TYBALT          What, art thou drawn among these heartless hinds?

Turn thee, Benvolio, look upon thy death.

BENVOLIO      I do but keep the peace. Put up thy sword,

Or manage it to part these men with me.

TYBALT          What, drawn, and talk of peace? I hate the word,

As I hate hell, all Montagues, and thee.

Have at thee, coward.

[They fight.] (1.1.57-63SD)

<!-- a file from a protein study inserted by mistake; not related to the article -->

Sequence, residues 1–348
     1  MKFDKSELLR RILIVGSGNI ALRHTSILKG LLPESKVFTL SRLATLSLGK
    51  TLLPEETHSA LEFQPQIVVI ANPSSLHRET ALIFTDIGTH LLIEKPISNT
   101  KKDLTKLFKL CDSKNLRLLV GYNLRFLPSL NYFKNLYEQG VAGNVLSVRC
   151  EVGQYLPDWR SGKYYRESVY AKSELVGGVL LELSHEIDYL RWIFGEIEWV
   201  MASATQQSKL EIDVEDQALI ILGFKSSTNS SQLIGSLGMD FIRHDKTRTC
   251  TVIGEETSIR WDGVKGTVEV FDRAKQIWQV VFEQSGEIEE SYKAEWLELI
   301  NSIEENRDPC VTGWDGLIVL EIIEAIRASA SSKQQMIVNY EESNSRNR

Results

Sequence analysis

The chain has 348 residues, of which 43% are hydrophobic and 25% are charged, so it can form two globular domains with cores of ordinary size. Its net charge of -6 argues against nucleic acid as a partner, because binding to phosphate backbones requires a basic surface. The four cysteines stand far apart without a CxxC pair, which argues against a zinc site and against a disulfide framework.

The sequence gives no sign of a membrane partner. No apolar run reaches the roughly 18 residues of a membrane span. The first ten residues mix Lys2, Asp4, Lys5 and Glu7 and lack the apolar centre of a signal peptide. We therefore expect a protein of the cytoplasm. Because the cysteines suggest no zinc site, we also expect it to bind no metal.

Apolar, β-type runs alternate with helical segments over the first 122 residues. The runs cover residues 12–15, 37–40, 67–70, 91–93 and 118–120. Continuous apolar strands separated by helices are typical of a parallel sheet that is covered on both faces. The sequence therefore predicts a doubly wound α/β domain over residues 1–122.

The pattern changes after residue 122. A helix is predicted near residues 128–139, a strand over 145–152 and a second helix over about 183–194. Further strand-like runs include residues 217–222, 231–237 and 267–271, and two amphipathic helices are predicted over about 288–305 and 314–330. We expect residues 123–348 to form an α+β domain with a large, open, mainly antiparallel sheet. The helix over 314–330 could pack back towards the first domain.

Tybalt’s arrival brings a further escalation. On one level he immediately personalizes the conflict, by naming Benvolio. But he also makes it both more serious – for Tybalt, there is no possibility of peace-making – and less rational; it’s cold hatred, directed at all Montagues because they are Montagues. The initially comic servingmen disappear, at least from the dialogue, even though the terms of engagement remain similar: what’s at stake is honour, implicitly masculine honour, and also, now, class: both Benvolio and Tybalt recognize that they are the social superiors, the masters of Gregory, Sampson, Abram and the rest, but whereas Tybalt sees that as a reason to taunt Benvolio (while hind can mean domestic servant, by the late sixteenth century it’s more commonly used to refer to an agricultural labourer), Benvolio assumes that Tybalt, like him a gentleman, will regard rank as responsibility, and see it as his duty to keep the peace and part these men. But Tybalt will have none of it, and the fight recommences, presumably with rapiers and daggers now, as well as swords and bucklers.

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